This series on Islam was fronted by Somali Rageh Omar, onetime employee of the BBC, now working for al Jazeera.  Somalia is what it is because of the nature of Somalis. In liberalism, that makes it imperative that Somalis in the West are given special privileges. This satisfies Auster’s Laws:

  • “The worse any designated minority or alien group behaves in a liberal society, the bigger become the lies of Political Correctness in covering up for that group.” (source)
  • “The more egregiously any non-Western or non-white group behaves, the more evil whites are made to appear for noticing and drawing rational conclusions about that group’s bad behavior.” (source)

The BBC asked Rageh Omar to make a program on Islam’s contributions to European civilisation – you can guess the outcome. The BBC then decided to investigate the authenticity of the miracles performed by Jesus, and by implication the divinity of Jesus Christ. You may or may not be surprised to know that Rageh Omar, was asked to be lead and front for this program. The program alludes that there were no miracles but mass hysteria.You can read more here.

The only hysteria I see is the death wish in the political and media elite of the West.

Jacques writes:

Something especially appalling in the generally appalling LA Times review by Mary McNamera on the PBS series:

“Beginning from a point of essential reverence — there is no questioning of Muhammad’s direct relationship with Allah…”

When I first saw this I imagined that even a leftist journalist would not put the point in quite this way except as a criticism of the series.  But apparently she thinks the “essential reverence” that is simply taken for granted as a starting point in the series is perfectly fine.  It’s only right, or at least it’s not wrong, that PBS should present Islam from the perspective of Islam itself, on the assumption that Islam is actually true.  We can only imagine the uproar, of course, if a public broadcaster were to present Christianity as true.  Or if it were to present Christianity without actively questioning and criticizing its theological claims.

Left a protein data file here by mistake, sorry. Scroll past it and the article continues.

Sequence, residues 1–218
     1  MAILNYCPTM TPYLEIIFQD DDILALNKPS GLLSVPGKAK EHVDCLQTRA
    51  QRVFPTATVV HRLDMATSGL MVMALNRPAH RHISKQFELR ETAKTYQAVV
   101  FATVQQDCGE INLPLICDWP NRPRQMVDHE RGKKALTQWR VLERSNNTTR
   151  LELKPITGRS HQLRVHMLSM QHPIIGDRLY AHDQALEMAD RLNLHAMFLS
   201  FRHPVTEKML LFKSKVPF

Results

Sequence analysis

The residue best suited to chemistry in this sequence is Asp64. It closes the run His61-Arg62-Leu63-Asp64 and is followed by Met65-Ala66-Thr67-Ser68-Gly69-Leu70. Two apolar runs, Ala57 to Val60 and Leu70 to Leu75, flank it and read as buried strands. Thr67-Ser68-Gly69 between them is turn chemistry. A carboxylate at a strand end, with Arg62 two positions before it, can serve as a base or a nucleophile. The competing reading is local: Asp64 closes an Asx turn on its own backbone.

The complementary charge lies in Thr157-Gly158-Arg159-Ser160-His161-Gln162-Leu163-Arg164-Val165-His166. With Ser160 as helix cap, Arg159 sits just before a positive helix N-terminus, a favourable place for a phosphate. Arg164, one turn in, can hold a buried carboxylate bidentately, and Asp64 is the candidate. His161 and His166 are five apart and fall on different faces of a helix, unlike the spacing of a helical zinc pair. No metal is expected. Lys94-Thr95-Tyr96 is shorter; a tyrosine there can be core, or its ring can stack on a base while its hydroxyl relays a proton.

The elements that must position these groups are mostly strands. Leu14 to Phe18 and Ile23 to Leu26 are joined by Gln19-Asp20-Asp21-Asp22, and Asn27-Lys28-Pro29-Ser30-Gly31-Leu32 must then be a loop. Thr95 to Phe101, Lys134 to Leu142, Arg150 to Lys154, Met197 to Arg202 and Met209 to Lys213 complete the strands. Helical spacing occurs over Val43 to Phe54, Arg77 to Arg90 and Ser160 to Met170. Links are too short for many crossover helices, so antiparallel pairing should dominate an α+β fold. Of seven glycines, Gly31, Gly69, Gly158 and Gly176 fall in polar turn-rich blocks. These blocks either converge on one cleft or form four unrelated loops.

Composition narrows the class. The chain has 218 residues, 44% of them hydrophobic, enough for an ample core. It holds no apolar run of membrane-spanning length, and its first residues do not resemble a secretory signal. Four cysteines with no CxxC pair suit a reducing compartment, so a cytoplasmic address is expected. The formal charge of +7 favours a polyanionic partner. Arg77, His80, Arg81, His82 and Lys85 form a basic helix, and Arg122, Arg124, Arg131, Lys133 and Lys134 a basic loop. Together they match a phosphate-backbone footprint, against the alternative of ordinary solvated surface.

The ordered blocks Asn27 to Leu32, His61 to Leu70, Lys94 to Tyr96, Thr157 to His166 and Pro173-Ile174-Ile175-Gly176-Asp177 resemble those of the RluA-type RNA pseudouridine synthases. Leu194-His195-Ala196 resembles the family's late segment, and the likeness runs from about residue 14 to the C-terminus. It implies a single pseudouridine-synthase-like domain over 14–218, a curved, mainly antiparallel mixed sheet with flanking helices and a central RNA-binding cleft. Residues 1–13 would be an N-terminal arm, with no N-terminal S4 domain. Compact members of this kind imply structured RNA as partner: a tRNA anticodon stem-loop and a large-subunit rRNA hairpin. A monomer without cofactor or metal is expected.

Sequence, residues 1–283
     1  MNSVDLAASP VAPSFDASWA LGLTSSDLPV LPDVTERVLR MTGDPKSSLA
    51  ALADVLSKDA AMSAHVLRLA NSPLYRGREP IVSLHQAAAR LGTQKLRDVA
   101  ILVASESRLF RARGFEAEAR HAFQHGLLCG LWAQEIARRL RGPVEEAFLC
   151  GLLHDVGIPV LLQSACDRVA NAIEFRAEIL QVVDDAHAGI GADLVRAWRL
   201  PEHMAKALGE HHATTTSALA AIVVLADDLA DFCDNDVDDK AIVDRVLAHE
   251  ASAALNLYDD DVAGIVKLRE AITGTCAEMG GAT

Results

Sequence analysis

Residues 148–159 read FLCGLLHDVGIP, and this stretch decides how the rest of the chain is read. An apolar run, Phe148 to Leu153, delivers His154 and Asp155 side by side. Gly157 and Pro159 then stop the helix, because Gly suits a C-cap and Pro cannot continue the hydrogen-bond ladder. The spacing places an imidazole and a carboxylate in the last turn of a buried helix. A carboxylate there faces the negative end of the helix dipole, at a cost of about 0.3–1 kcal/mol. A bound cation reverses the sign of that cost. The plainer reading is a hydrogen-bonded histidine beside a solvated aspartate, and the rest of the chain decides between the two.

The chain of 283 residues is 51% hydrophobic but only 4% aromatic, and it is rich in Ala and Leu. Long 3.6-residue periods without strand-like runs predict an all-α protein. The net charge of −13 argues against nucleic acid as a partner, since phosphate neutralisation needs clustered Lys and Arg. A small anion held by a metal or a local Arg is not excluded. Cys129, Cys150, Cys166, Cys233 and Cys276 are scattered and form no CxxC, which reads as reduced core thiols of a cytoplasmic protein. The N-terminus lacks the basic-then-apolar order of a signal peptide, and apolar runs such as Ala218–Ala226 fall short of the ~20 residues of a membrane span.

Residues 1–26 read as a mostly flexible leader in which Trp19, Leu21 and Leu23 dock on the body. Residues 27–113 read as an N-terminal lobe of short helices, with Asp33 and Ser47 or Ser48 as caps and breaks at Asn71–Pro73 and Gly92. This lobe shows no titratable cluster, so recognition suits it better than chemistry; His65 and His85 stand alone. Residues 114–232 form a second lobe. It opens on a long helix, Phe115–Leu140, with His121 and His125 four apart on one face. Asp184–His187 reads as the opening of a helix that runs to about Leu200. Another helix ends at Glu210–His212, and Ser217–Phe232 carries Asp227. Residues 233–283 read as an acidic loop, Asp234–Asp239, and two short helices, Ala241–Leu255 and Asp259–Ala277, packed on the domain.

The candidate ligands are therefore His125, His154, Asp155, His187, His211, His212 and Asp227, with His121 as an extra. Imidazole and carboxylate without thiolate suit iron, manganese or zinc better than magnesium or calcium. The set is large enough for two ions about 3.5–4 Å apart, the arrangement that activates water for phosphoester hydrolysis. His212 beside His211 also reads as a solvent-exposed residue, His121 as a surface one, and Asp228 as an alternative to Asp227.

The series does not question whether Mohammed actually had some “relationship” with Allah, or whether such a being as “Allah” exists, but presents these things as facts!  And the series begins from these utterly bizarre premises, instead of attempting to present a case.  Aren’t secular leftist Western journalists supposed to be critical of these kinds of ideas?  Aren’t they supposed to encourage “critical thinking” about traditional beliefs and customs?  This review sounds like it could have been the work of a “religious studies” professor in Saudi Arabia.

Buck writes:

This morning, I had some of the same thoughts as Jacques did, so I wrote an email to Ms. McNamara. I haven’t received a response. I could have been more polite.

Ms. McNamara,

You write: ” ‘The Life of Muhammad’ attempts to separate the “facts” from the countless, and often crazily diverse, interpretations — a task inevitably made more difficult by the lack of primary sources.”

Then you write: “Fortunately that is more than enough to achieve journalist-narrator Rageh Omaar’s primary goal: to separate the beliefs and practices of Islam from those of its more bloody-minded zealots.”

Which is it? You even put “facts” in scare quotes. Then you proceed to regurgitate those “facts” as if they are truth. You must accept them as truth, or you wouldn’t repeat them.

Essentially, you begin your article by telling me that you have no idea what the truth about Mohammad is – that no one does – and that you are not going to judge the facts that you are aware of, but that you are going to puff-piece your ignorance away. Why? What is your motive?

Have you read the Koran, the Hadiths, the countless scholars that have written about Islam, the endless commentary and even the Islamic scholars themselves – say for instance, the brilliant Sistani himself?

You attribute qualities to Muhammad that you accept as true, but of which you have no knowledge. “With an open-mindedness unheard of at the time.” How do you know this? Because you saw it on TV?

You write: “Beginning from a point of essential reverence — there is no questioning of Muhammad’s direct relationship with Allah” but without quotes. You say that like you are a devout Muslim. Is it “essential” to you?